Tommy Bridges

Tommy Bridges

Birth
Gordonsville, Smith County, Tennessee, USA
Death 19 Apr 1968 (aged 61)
Nashville, Davidson County, Tennessee, USA
Burial Carthage, Smith County, Tennessee, USA
Memorial ID 14002235 · View Source
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Major League Baseball Player. The right-hander, often accused of throwing the illegal spitball, was a three-time 20-game winner who spent his entire 16-year career with the Detroit Tigers from 1930 to 1946. He missed part of 1943 and all of 1944 because of military service. He was 22-11 with a 3.67 earned run average for 275 innings and 23 complete games in 35 starts in 1934. On July 13 of that year, he gave up Babe Ruth's 700th career home run. The following year he had a 21-10 record with a 3.51 ERA, completed 23 of 34 starts while logging 274 innings and led the American League in strikeouts with 163. In 1936 he led the AL in wins as he went 23-11, completed 26 of 38 starts, worked 294 innings and led the league again with 175 strikeouts. He was chosen to the All-Star team six times but did not pitch in 1934, 1935, 1936 and 1940. In 1937, he pitched three innings, giving up single runs in the middle innings as the AL won 8-3 at Griffith Stadium. In 1939, he hurled 2 1/3 innings of shutout ball and was the winning pitcher in a 3-1 victory at Yankee Stadium. He also pitched in four World Series (1934, 1935, 1940 and 1945). In the 1934 Fall Classic against St. Louis, he lost 4-1 in Game 3 to Paul Dean but outdueled Dizzy Dean 3-1 in Game 5. The Redbirds won the Series in seven. Bridges won Games 2 and 6 as the Tigers closed out the Chicago Cubs in six in 1935. He spaced 12 hits in Game 6. With the score tied 3-3, the Cubs' Stan Hack opened the top of the ninth with a triple, but Bridges struck out Bill Jurges, retired Larry French on a bouncer to the mound and got Augie Galan on a fly ball. The Tigers won in the bottom of the inning on Goose Goslin's RBI single. In 1940, he beat Cincinnati 7-4 in Game 3, but the Reds prevailed in seven. He made one relief appearance in 1945 as the Tigers edged the Cubs in seven. He had a perfect game spoiled with two out in the ninth on August 5, 1932, when Washington pinch-hitter Dave Harris singled to left. He came close again on May 24, 1933, when he stopped the Senators 3-1, the only hit being Joe Kuhel's home run. For his career, the 5-foot 11, 160-pound graduate of the University of Tennessee was 194-138 with a 3.57 ERA, 207 complete games in 362 starts and 33 shutouts. He was a scout for the Reds in 1951, the Tigers from 1958 to 1960 and the New York Mets from 1963 to 1968.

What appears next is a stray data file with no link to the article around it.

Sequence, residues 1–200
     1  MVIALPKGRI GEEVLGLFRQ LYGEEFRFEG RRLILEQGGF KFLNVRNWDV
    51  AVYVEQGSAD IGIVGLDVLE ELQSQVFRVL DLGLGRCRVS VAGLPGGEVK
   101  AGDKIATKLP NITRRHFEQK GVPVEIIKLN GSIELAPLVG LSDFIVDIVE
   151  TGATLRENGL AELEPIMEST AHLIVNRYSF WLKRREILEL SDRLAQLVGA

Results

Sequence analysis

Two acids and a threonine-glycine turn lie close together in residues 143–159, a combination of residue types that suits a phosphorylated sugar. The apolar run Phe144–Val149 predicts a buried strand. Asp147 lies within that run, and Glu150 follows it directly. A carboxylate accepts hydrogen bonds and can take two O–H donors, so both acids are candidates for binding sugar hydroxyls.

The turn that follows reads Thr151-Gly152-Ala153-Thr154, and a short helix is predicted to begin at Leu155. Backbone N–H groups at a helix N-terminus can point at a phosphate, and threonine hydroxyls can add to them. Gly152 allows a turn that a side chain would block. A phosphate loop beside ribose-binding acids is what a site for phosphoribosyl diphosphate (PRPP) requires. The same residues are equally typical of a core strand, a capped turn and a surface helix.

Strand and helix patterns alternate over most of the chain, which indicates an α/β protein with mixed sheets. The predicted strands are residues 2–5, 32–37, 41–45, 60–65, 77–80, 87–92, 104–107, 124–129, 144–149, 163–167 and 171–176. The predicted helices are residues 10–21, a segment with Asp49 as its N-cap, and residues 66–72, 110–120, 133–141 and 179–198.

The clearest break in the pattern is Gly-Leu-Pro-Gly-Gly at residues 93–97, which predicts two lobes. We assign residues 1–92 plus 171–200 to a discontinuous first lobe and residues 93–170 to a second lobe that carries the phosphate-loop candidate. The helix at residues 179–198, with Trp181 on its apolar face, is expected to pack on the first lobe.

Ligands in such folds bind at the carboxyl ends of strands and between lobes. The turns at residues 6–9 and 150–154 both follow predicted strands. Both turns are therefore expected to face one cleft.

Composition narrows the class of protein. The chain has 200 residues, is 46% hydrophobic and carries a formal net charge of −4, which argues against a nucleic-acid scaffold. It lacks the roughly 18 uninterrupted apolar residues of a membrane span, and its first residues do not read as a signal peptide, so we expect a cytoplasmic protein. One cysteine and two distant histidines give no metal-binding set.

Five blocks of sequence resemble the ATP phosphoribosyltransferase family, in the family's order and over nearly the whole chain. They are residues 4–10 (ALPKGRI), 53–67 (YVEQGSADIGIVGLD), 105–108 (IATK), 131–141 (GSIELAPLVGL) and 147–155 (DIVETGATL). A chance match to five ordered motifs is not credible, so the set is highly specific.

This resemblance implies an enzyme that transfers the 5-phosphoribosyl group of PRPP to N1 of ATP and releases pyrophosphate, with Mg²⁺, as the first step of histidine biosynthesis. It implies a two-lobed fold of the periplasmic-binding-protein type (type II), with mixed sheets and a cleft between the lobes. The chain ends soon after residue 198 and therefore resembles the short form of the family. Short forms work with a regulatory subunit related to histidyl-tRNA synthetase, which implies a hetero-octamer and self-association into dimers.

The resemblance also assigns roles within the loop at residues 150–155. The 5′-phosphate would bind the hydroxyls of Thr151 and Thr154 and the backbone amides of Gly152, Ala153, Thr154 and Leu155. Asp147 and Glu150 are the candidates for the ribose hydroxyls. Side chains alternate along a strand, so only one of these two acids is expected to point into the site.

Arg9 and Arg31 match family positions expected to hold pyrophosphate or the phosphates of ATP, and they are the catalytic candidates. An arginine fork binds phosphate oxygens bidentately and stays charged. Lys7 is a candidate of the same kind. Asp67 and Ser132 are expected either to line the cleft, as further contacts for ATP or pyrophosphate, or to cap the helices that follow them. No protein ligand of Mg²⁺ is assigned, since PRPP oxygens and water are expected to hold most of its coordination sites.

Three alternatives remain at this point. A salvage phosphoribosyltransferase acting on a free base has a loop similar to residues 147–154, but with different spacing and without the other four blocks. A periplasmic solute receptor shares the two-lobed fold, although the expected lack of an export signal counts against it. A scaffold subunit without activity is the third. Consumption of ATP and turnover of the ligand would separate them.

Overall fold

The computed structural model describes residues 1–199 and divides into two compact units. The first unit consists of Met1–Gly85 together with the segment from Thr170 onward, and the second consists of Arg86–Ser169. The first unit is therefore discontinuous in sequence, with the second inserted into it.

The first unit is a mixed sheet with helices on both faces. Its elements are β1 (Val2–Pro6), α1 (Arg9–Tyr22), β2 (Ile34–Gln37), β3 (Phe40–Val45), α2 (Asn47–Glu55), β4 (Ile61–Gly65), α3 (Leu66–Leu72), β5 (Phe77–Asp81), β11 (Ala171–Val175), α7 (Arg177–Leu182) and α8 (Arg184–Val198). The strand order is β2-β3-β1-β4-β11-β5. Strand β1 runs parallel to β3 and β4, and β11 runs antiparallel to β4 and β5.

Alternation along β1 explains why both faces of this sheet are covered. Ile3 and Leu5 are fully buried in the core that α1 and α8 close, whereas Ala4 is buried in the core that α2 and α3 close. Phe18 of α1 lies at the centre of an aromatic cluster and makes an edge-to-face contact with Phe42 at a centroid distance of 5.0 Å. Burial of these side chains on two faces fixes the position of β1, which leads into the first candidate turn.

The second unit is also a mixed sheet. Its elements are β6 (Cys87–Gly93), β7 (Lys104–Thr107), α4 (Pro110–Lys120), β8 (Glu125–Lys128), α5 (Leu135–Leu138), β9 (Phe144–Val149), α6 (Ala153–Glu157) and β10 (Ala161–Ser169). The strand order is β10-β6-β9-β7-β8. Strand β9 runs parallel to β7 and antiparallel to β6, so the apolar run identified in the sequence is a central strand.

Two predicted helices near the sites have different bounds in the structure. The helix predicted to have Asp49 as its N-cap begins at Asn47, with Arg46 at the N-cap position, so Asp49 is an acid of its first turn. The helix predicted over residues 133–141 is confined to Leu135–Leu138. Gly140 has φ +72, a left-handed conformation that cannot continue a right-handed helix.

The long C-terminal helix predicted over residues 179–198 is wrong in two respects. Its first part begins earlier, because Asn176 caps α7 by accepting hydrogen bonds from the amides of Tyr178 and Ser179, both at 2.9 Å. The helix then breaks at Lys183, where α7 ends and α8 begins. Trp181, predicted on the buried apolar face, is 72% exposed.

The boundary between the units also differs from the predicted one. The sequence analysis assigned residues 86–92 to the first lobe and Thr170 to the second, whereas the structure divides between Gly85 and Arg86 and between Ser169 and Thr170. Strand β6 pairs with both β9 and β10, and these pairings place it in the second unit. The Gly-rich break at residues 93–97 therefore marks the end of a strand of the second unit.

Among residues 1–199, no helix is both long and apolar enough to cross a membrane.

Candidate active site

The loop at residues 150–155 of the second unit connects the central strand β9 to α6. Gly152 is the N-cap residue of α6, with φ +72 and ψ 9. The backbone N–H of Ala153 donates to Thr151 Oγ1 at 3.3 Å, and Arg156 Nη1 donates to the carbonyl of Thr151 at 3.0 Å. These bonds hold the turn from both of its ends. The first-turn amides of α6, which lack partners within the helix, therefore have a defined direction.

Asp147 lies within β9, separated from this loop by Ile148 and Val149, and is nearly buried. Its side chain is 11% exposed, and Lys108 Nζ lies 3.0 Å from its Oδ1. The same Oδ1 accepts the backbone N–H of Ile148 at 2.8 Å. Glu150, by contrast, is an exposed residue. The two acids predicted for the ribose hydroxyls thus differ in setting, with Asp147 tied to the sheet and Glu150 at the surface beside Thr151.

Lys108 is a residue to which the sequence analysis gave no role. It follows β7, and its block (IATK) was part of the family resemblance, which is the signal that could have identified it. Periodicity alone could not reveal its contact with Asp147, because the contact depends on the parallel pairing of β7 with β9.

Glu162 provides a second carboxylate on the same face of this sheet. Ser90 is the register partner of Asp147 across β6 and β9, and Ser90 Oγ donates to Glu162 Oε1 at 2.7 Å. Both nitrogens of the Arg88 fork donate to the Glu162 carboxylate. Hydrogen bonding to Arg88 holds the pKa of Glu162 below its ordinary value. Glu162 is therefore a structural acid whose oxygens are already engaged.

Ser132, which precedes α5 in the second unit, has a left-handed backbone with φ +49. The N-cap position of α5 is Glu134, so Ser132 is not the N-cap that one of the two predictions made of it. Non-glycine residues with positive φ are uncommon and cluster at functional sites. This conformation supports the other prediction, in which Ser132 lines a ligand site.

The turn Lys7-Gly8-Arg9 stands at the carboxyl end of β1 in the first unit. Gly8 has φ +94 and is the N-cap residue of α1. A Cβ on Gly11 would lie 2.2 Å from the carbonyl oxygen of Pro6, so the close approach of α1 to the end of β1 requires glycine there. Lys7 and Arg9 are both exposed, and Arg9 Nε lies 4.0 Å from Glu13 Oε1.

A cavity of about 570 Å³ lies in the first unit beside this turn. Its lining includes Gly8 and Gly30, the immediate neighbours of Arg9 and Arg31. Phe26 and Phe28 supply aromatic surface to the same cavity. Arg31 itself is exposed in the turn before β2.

Bio by: Ron Coons


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  • Maintained by: Find A Grave
  • Originally Created by: Ron Coons
  • Added: 19 Apr 2006
  • Find A Grave Memorial 14002235
  • Find A Grave, database and images (https://www.findagrave.com : accessed ), memorial page for Tommy Bridges (28 Dec 1906–19 Apr 1968), Find A Grave Memorial no. 14002235, citing Ridgewood Cemetery, Carthage, Smith County, Tennessee, USA ; Maintained by Find A Grave .